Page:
Saint John Baptist
Only 184 shopping days to Christmas, as we were reminded last night in the Eve of the Feast of Saint John Baptist. I love priestly drollness.
That this other Nativity is celebrated at all; that it has been since the earliest times; that it was placed opposite in the year to Christmas, as it were baptising & overwriting the old pagan Midsummer feasts; that the Baptist’s martyrdom is also commemorated (29th August) in liturgical witness to his significance; that he is styled the Precursor or Forerunner or Light lighting the way to Christ, & that the mystical significance of this is clinched in all the Gospels & through the Fathers of the Church; that his embryonic stirring in his mother’s womb, & the special Grace attending upon it, is among the catechetical particulars of Christian belief across all cults & confessions — these facts, & a few more, have been present to the Christian mind these last twenty centuries or so.
We know his mother, Elizabeth, first cousin to Mary Immaculate, was barren & aging, having prayed with husband Zachary for child; & in this tradition we find the cultural meaning of Saint-Jean-Baptiste to Quebec — or as it was formerly called, “Canada.” The festivity was celebrated throughout old Europe (with lights including bonfires on the hills), but especially in France under the ancien régime, & the more when transferred to her New World colony. We trace this through the Jesuit Relations, Canada’s most extraordinary historical documents — in which we find the true meaning of our country, & of the cause for which she was conceived. The symbolism explains itself, to a little contemplation, & ties in further with various ancient legends, ambient in the human psyche — of a sage carried through age to wisdom in his mother’s womb. (One thinks, for instance, of Lao Tzu in China.)
The desecration of this feast in Quebec began around the time of the uprising in 1837. It developed into the, by now, commonplace modern story of the appropriation by nationalists of what never had belonged to them. By increments it became what it is there today – the fully secularized “Fête nationale du Québec,” associated with demonstrations of power & aggression, riot & ugliness, violence & satanism. Nationalism, & its handmaid socialism, became the new “religion of man,” again overwriting the most ancient customs. Its own defining light is that which glints from the blades of the guillotines at Paris: the secular rite of purification through slaughter, continuing today through the child slaughter of our Carthaginian abortion mills. Those acquainted with the profoundly corrupted soul of Quebec, in her national apostasy, will realize the impossibility of “turning history back.” Christ alone can save them.
As He alone can save us.
In the story of Saint John Baptist we find the prelude of that Gospel, & the tiny embryonic stirrings of the Light unto the Gentiles (Luke, echoing Isaiah); or if you will, the DNA of our Christendom. The feast provides a day to rededicate our task, of restoring Hope. This is the Hope that is in the singular, & requires the capital, & is not concerned with the glib plural “hopes” of worldly & material advancement. For it was from the beginning the genius of Christianity to acknowledge a Hope that extends beyond the finitude of this world, along the path of forthright escape from its evils.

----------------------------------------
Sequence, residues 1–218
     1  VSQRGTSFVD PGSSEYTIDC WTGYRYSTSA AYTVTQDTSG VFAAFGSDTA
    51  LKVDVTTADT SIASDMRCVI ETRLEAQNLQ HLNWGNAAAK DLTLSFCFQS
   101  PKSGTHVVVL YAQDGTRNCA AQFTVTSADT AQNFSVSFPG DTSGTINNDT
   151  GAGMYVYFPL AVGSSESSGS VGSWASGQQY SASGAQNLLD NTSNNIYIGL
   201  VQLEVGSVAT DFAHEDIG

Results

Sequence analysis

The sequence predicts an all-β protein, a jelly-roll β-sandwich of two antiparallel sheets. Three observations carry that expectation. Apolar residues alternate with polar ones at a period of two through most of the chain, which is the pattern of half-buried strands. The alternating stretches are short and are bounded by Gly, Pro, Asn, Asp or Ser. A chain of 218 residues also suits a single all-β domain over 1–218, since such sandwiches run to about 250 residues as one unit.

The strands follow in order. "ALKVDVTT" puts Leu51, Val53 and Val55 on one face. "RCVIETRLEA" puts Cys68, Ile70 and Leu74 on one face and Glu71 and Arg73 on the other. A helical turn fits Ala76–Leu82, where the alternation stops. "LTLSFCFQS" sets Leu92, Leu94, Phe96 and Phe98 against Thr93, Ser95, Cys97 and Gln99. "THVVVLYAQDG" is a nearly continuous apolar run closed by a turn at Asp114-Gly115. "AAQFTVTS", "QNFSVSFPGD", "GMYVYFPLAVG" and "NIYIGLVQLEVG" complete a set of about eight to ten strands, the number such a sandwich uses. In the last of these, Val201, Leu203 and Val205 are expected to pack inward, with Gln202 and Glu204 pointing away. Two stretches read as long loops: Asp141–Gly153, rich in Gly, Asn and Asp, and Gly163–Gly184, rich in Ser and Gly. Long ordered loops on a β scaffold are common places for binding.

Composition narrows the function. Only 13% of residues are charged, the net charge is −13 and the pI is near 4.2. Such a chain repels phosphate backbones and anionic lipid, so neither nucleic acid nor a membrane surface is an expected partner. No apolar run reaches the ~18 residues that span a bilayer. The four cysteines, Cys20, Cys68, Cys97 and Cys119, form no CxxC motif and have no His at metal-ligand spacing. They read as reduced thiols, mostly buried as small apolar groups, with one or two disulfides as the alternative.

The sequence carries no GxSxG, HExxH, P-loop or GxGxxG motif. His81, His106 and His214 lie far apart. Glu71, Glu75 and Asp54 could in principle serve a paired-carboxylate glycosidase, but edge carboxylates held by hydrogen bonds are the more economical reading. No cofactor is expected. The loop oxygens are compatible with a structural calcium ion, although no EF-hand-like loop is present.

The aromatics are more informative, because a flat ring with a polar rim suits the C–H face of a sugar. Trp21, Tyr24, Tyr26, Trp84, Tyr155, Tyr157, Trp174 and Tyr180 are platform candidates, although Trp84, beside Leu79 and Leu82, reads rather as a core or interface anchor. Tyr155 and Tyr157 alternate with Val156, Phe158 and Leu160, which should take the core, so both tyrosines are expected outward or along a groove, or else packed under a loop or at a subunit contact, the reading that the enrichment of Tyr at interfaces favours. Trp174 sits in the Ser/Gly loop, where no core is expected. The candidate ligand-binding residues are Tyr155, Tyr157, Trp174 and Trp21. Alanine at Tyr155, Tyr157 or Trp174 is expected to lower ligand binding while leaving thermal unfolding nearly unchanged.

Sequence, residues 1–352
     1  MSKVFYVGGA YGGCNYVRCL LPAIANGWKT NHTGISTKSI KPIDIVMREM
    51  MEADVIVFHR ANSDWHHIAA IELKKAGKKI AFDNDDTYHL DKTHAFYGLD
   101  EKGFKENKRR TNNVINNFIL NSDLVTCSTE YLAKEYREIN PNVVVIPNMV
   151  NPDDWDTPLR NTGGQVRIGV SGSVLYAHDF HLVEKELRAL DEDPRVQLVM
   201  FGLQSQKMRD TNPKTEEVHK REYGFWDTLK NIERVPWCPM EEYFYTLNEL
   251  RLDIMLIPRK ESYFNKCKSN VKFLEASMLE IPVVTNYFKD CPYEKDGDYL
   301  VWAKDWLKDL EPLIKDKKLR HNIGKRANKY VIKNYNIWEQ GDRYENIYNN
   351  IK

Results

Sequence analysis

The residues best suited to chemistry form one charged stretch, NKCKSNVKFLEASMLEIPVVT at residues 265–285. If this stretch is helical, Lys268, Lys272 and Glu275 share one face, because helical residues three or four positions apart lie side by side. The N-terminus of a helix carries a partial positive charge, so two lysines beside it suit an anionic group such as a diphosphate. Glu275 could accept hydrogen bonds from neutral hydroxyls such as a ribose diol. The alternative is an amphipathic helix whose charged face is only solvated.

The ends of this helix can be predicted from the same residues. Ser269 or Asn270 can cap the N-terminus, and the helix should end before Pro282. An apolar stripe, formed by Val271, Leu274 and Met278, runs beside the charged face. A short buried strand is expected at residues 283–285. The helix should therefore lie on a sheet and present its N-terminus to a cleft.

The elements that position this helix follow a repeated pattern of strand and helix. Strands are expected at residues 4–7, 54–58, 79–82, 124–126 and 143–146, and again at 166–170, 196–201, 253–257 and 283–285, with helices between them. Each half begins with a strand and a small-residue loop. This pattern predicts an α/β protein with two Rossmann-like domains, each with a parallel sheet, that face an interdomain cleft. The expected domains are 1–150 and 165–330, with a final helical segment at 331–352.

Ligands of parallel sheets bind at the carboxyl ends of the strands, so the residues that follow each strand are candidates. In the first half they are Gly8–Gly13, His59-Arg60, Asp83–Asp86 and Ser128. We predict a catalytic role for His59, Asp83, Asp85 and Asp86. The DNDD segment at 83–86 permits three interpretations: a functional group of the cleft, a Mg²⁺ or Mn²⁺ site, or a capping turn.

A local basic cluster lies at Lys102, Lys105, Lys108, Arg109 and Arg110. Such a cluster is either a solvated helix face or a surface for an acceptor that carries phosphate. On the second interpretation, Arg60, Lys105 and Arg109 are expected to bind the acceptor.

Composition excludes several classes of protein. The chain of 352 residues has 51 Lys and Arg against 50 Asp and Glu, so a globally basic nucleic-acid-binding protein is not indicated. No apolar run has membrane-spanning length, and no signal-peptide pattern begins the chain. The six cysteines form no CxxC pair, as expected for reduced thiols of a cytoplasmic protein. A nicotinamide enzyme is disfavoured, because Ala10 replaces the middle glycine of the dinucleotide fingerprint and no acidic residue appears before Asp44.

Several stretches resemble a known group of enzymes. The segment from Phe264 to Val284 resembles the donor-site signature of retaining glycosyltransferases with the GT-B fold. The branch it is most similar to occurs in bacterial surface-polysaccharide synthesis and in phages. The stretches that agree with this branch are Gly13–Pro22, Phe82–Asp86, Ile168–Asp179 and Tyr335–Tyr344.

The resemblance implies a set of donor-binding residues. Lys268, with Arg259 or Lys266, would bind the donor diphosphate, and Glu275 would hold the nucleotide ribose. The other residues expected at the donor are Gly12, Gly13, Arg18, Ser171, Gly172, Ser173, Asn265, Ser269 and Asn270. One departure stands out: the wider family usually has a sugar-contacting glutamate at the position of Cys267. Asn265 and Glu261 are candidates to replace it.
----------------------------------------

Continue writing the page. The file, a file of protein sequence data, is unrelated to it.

This is what every religion has offered; what Judaism itself offered before the arrival of the Messiah, & still offers; & what, beyond it, from my own travels, I became best acquainted with in the “theology” of the Theravada school: the Lord Buddha, in his serene images, enlightening a path of escape from the snares of this world of death, & all the anxieties attending upon it.
In the popular mythology of the West, in our times, this Buddhism has become associated with a kind of religious, environmentalist atheism; but as I learnt from the lips of no less than the venerable Phra Prayudh Payutto (Thailand’s foremost interpreter of the ancient Pali Canon), & from my own guided reading, it grew as the embodiment of an explicitly divine revelation, through a supermundane Insight into the Four Truths & the Eightfold Path. (It would be truer to say that the Theravada way distils a cautious modesty towards the Godhead, in a reform of Brahmanism, but this is a large topic upon which the honour of Buddhism, not Christianity, depends.)
To my own understanding, religion came to appear the primary good of this world; the fount of a Good not ulterior in purpose. And in Buddhism, first, I saw its operation upon society through monastic institutions; for I was living in Siam when I noticed. Indeed, part of my original appreciation of the Western “Middle Ages” was from this pre-Christian model, & my appreciation of John Baptist himself was acquired by the arcane route of the Buddhist-inspired “Wisdom of Balahvar,” applied to the solution of a literary puzzle in Shakespeare (the three caskets in the Merchant of Venice). Too, a fascination with the Prophet Elijah, & his avatars in seemingly all religious traditions. But here I am straying wildly into material for the ramble of another day; my point today being only the “fittingness” of this precursive figure, who stands as if designed by God in the very scheme of the Creation, before all worlds.
Religion is the primary good; Christianity is the religion par excellence; & Catholicism the authoritative form of that religion. Some readers will dispute this, to whom I can only say it took me half a century to get that far, perhaps they can get there quicker. It is hardly the end of the road. It is a milestone on the Royal Road, where by-ways & tributaries are collected, & the road leads ever onward, from Earth towards Heaven.